seldombites, December 21, 2011 (view all comments by seldombites)
This book is both amusing and informative. A few of the questions weren't really fully answered to my satisfaction, but I did pick up quite a few fun facts. I found the chat intermissions a little annoying at first, but I soon grew used to them and relaxed into the humour break. This book is well worth reading and I will be looking up their other books at some point in the future.
Julie Anderson, September 1, 2008 (view all comments by Julie Anderson)
I picked this book up a couple of years ago because the title was just too good to pass up. "Why Do Men Have Nipples? Hundreds of Questions You'd Only Ask a Doctor After Your Third Martini" was a quick and hilarious read. Fascinating questions like "Why does sweat stink and stain?" and "Why do people seem more attractive to you when you are drunk?" are just two of the burning questions presented. Surprisingly enough, the answers (OK MOST of the answers) are truly given from the medical point of view.
After reading this book, I can only wonder at the parties the author/s have been going to. Of course, having occasionally (in the far, far past of course) fallen victim to tipsy (OK, drunken) ponderings, maybe I can understand...but I would hope I'd never ask a stranger. If you enjoy this book (and I certainly did, as did my teenagers) then you need to pick up the sequel "Why Do Men Fall Asleep After Sex? More Questions You'd Only Ask a Doctor After Your Third Whiskey Sour."
Was this comment helpful? | Yes | No (7 of 13 readers found this comment helpful)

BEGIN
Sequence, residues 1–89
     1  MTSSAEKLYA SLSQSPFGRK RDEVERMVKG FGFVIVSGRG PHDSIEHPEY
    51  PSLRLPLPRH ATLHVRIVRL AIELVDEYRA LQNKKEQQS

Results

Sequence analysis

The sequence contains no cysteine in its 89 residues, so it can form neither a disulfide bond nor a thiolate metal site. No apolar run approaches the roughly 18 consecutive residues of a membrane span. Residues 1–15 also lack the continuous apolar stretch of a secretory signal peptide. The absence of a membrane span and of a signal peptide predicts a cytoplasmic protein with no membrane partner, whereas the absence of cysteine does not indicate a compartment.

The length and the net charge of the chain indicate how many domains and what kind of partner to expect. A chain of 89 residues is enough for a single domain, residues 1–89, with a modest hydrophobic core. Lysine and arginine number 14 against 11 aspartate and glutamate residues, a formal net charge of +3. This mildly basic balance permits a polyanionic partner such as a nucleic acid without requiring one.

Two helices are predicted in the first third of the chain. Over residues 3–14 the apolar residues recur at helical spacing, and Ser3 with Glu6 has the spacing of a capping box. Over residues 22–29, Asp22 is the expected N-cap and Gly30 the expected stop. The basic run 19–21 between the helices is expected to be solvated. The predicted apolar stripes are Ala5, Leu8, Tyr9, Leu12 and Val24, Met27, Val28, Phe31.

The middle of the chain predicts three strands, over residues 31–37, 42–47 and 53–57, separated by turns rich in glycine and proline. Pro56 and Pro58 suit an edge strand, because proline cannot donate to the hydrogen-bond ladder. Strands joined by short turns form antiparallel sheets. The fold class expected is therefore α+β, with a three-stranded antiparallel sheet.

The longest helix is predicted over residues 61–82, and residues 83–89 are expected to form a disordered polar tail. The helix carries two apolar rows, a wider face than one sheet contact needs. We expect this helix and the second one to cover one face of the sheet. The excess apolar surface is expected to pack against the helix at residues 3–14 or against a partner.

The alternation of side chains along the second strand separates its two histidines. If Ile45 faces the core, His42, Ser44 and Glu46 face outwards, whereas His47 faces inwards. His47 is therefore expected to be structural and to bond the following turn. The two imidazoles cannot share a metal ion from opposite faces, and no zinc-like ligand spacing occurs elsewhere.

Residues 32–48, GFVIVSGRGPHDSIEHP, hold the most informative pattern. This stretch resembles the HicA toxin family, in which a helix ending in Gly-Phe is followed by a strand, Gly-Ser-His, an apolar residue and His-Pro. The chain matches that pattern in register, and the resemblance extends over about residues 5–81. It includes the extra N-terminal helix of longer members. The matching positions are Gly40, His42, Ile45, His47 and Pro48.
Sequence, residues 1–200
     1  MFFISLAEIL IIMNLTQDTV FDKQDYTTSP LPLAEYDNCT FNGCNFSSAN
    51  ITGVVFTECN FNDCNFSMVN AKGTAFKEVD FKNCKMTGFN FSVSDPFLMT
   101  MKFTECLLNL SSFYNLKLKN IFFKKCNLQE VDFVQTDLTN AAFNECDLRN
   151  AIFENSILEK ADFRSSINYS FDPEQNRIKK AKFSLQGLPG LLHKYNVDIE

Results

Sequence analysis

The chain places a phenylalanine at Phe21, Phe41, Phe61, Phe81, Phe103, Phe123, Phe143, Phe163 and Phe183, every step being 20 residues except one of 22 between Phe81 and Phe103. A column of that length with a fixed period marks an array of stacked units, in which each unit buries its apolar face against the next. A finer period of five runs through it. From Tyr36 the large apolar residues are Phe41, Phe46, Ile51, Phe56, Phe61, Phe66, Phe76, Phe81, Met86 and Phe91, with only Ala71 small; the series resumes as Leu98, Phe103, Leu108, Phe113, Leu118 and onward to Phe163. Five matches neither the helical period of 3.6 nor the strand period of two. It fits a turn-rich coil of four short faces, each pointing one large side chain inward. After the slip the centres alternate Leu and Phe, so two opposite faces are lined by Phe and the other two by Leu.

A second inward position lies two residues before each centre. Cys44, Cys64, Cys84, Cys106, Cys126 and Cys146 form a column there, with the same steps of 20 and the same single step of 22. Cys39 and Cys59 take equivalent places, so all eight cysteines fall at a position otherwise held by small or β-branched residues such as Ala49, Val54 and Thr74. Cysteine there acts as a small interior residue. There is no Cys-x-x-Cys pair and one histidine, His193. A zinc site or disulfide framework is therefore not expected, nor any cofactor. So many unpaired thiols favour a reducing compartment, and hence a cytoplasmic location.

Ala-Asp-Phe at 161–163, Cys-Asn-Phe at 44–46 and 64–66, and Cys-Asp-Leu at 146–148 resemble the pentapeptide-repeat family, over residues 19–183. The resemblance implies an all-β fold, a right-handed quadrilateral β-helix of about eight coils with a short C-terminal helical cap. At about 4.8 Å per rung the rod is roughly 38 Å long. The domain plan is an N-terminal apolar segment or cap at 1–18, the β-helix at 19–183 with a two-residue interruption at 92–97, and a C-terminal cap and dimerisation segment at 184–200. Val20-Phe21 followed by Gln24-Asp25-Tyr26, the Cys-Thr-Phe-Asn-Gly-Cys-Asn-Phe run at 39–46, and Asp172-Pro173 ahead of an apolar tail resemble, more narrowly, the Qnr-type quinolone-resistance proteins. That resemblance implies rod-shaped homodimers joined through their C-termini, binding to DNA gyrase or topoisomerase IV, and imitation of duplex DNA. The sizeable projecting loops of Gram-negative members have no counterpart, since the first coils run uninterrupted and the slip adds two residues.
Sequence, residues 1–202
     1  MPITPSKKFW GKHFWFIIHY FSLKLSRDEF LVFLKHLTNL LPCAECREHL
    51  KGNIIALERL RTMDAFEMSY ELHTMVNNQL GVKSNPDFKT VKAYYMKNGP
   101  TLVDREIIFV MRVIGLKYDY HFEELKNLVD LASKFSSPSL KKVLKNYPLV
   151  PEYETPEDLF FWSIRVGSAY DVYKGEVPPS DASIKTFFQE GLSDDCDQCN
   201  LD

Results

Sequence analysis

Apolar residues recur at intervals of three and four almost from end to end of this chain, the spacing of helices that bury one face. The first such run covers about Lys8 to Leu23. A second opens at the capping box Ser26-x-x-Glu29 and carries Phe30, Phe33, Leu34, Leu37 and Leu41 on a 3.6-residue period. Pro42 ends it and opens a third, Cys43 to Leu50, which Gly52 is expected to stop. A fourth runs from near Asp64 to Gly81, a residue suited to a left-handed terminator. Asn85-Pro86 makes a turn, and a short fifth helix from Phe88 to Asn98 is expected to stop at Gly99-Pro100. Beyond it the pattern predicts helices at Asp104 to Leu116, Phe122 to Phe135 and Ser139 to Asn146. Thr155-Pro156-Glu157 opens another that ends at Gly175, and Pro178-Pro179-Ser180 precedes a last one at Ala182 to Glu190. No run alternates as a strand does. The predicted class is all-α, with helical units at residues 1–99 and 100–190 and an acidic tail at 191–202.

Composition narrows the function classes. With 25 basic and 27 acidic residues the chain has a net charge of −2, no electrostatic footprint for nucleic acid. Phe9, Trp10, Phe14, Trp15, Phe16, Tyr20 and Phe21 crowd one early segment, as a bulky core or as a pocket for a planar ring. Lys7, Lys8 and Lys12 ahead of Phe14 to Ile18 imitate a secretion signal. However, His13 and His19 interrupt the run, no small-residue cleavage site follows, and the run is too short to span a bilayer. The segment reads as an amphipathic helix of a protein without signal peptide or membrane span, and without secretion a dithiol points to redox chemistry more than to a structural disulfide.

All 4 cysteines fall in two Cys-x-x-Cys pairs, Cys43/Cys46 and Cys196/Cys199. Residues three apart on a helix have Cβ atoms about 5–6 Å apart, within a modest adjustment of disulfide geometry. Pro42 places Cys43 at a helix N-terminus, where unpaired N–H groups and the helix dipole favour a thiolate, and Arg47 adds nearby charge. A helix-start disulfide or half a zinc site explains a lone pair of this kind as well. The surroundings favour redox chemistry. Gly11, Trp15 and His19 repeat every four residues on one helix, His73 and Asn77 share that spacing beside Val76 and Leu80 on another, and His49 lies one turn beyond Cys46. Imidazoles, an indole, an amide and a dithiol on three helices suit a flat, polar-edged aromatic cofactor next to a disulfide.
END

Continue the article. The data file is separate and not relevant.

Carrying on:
"Publishers Weekly Review"
by Publishers Weekly,
"Urban legends and perennial wonders get a witty treatment in this lighthearted guide to largely inconsequential yet intriguing aspects of the human body. Leyner, a novelist whose writing appears regularly in the New Yorker and GQ, and New York physician Goldberg address food and the body (does coffee stunt your growth?), 'body oddities' (what are goose bumps?), folk remedies (does breast milk cure warts?), drugs (does marijuana help glaucoma?), bathroom humor (why can you ignite a fart?), medical media (is the show ER accurate?), old wives tales (can lip balm be addictive?) and aging (why do old ladies grow beards?). And then there's the sex chapter-definitely the one where the subtitle is most applicable, with questions like 'can people in wheelchairs still have sex?' and 'do the kind of underpants men wear affect their fertility?' The book includes e-mail interactions between the authors, which are sometimes funny. Some of the authors' answers are unsatisfactory and, as a whole, this is much more of a humor book than a health one. The truly curious will find better, more in-depth answers on medical Web sites, but those looking for a good laugh will have some fun with this book." Publishers Weekly (Copyright Reed Business Information, Inc.)
Do microwaves cause cancer? Is it bad to crack your knuckles? Written by a top physician and a top-notch humorist, this fascinating, silly, and downright educational reference book sets the record straight on the myriad folk remedies, urban legends, and "proven cures" that everybody's heard about.
Ladies and gentlemen of the jury, everyone is familiar with the tired clichés: women are bad drivers and are not good with money; only guys play video games and they give bad directions. Dan Abrams tackles the toughest case of his career in Man Down. Drawing on years of legal experience and research studies, Abrams explains step-by-step why women are better than men in just about every way imaginable, from managing money to flying planes to living longer. Abrams uses his trademark charm to get his point across without opining on the issue himself. Chock-full of fun facts and conversation starters, this book may not end the debate of men versus women, but it will definitely make it more interesting.
Powell's City of Books is an independent bookstore in Portland, Oregon, that fills a whole city block with more than a million new, used, and out of print books. Shop those shelves — plus literally millions more books, DVDs, and gifts — here at Powells.com.